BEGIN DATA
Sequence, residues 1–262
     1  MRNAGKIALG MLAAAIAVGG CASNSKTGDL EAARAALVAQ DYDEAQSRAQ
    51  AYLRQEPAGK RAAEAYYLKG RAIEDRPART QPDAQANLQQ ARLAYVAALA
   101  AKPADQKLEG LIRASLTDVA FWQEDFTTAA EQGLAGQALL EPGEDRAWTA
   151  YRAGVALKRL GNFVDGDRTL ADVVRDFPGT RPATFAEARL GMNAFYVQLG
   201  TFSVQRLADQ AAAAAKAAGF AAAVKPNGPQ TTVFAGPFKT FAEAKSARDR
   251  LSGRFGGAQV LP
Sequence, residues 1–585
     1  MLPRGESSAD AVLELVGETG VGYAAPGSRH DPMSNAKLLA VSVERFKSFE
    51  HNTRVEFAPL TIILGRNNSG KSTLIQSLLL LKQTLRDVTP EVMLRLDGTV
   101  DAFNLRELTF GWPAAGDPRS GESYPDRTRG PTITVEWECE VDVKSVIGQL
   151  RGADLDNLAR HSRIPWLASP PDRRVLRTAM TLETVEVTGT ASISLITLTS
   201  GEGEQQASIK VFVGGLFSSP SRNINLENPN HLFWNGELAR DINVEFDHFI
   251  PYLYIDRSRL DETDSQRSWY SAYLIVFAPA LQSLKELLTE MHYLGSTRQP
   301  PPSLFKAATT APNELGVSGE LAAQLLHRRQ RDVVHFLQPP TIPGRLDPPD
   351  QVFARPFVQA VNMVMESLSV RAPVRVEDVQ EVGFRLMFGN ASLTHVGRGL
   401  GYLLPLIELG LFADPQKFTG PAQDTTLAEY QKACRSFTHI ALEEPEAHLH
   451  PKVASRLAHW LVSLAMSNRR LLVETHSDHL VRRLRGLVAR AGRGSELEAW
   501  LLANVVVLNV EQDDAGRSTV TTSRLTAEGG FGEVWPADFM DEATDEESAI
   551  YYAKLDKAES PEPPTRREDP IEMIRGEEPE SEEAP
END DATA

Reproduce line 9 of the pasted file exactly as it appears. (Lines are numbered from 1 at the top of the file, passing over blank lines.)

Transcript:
     1  MLPRGESSAD AVLELVGETG VGYAAPGSRH DPMSNAKLLA VSVERFKSFE